“Awavena expands the boundaries of what immersive video can do”
Awavena was made by Emmy and AACTA award-winning artist and director Lynette Wallworth, and screened to international acclaim at the recent Venice International Film Festival, and will now have its Melbourne debut at ACMI. The second in a series of VR works by Lynette Wallworth and producer Nicole Newnham (Collisions was the first and exhibited at ACMI in 2016), Awavena is a stunning tale of metamorphosis in the Brazilian Amazon.
For the Amazonian Yawanawa, ‘medicine’ has the power to take you inside a vision to a place you have never been. By collaborating with artist Lynette Wallworth, Hushuhu, the first woman shaman of the Yawanawa is able to use VR like medicine, to open a portal to another way of knowing. Awavena is a collaboration between a community and an artist, melding technology and transcendent experience so that a vision can be shared, and a story told of a people ascending from the edge of extinction.
Wallworth was invited by the Yawanawa to create this stunning VR experience using cutting edge technology to mirror their vision states. Awavena is an unmissable experience and a gift from the Yawanawa that they hope will shift our consciousness and change the way we perceive the world and the decisions we make.
How to experience the work
- Awavena is free, but bookings are required. Please arrive at Future Lab on the Federation Square level of ACMI five minutes before your booked session. Latecomers may forfeit their booking.
- The experience is in two parts:
Part 1 runs for 17 minutes and is a seated experience.
Part 2 runs for 6 minutes and is an active experience.
In total, allow 30 minutes for the experience.
About the artist
Lynette Wallworth is an Emmy Award-winning artist/filmmaker, and a world leader in using new technologies to tell powerful non-fiction stories that generate impact. Her works include the interactive video Evolution of Fearlessness; the full dome feature Coral; and VR narrative Collisions. Wallworth has been awarded a UNESCO City of Film Award, the Byron Kennedy Award for Innovation and Excellence and Foreign Policy magazine named her in 2016 as one of the “100 Leading Global Thinkers’ of the year. Her work has shown at the World Economic Forum, Davos, Lincoln Center for the Performing Arts, the American Museum of Natural History, New York, Australian Centre for Contemporary Art, the Smithsonian, as well as film festivals including Sundance Film Festival, Venice Film Festival, London Film Festival, Tribeca Film Festival, Sydney Film Festival, and the Adelaide Film Festival. Wallworth is a member of the World Economic Forums Global Future Council on Virtual and Augmented Reality.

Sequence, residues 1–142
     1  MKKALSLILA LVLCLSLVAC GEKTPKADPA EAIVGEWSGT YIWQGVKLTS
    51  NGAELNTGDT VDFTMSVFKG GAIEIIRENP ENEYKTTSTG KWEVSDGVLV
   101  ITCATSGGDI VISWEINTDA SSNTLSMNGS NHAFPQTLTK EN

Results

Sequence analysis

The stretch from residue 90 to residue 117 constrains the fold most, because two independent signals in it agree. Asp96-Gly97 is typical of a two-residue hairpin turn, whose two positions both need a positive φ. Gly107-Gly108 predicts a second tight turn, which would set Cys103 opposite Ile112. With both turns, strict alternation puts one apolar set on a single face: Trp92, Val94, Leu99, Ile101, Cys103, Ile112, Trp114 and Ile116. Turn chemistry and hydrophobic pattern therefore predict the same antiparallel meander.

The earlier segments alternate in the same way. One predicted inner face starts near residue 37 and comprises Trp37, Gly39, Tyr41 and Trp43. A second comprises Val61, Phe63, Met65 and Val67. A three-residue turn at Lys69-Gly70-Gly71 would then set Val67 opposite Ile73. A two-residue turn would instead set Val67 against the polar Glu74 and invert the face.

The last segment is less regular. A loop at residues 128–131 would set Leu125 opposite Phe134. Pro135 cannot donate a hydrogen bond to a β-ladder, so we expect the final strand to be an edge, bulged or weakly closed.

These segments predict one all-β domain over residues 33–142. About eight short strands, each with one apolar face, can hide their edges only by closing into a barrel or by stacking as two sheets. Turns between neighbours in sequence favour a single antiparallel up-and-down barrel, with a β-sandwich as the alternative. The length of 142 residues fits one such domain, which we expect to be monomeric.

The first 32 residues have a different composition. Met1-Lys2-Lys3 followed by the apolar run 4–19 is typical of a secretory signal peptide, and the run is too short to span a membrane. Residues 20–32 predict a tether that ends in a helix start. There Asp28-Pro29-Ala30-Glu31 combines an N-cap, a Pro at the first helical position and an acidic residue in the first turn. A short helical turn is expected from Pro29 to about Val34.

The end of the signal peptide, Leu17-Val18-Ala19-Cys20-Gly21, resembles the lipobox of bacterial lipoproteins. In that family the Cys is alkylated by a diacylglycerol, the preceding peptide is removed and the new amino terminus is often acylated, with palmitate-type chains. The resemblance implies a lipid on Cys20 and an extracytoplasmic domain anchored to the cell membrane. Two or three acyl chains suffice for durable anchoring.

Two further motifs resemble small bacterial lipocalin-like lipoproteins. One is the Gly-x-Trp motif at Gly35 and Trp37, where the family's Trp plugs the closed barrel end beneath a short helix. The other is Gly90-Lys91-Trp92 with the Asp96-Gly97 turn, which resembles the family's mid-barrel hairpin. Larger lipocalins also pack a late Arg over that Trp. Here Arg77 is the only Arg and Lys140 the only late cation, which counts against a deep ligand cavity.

About the team
Hushahu Yawanawá is the first woman Shaman of the Yawanawá. She is one of the first medicine women to emerge from the peoples of this region of the world. As shaman, she serves as spiritual leader to the people of the Yawanawá territory, and supports young Yawanawá and other non-native students in learning the spiritual traditions of the Yawanawá. On the path to becoming a shaman, she went through an intensive training process guided by her father, Raimundo Tuinkuru, and the late shaman elder Tatá Yawanawá. Today, she is among the most respected spiritual leaders of the Yawanawá people; her revolutionary work has drawn national attention in Brazil and internationally. Hushahu's calling and endurance to walk the healing path has opened the door for other Yawanawá women and women around the world.
Nicole Newnham is an Emmy-winning documentary producer and director, Sundance Film Festival alumnus and five time Emmy-nominee. Awavena is her second collaboration with director Lynette Wallworth, with whom she produced the breakthrough VR film Collisions. She co-directed and produced The Revolutionary Optimists, winner of the Sundance Hilton Sustainability Award, and Sentenced Home, both of which aired on PBS’ series Independent Lens. She also instigated, co-produced and directed the acclaimed documentary The Rape of Europa, about the Nazi war on European culture, which was nominated for a WGA award and shortlisted for the Academy Award. Passionate about the possibility of leveraging powerful documentary stories for social change, she co-founded a story and data-mapping platform for youth to improve their own communities, called Map Your World.
Tashka Yawanawá is chief of the Yawanawá people in Acre, Brazil. As chief, he leads 900 people stewarding 400,000 acres of Amazon rainforest in Brazil. The son of the former leader of the Yawanawá, Tashka grew up witnessing the virtual enslavement of his people by the rubber industry and experiencing the near annihilation of the tribe’s culture by missionaries. Since the 1980s, Tashka has actively fought for the rights of indigenous peoples. Realizing that he needed further education to improve the situation of the Yawanawá, he pursued higher education in the U.S. and abroad. He was directly involved in the creation of the Indigenous Lawyers Association and co-founded the Indigenous and Non-Indigenous Youth Alliance, through which he shares the experiences and knowledge of the Yawanawá with youth around the world, and works with projects that guarantee the preservation of different indigenous cultures.. In 2001, Tashka returned to Brazil, and chose to use the knowledge gained from his experiences abroad to help his people transform their future. He became the youngest Chief in the history of the Yawanawá at age twenty-five. In a short amount of time, Tashka and Laura have managed to double the extent of Yawanawá territory, reinvigorate Yawanawá culture, and establish economically and socially empowering relationships with the outside world. Tashka and Laura have two daughters—Kenemani and Luna Rosa—and divide their time living and working in the Yawanawá community and Rio Branco, Brazil.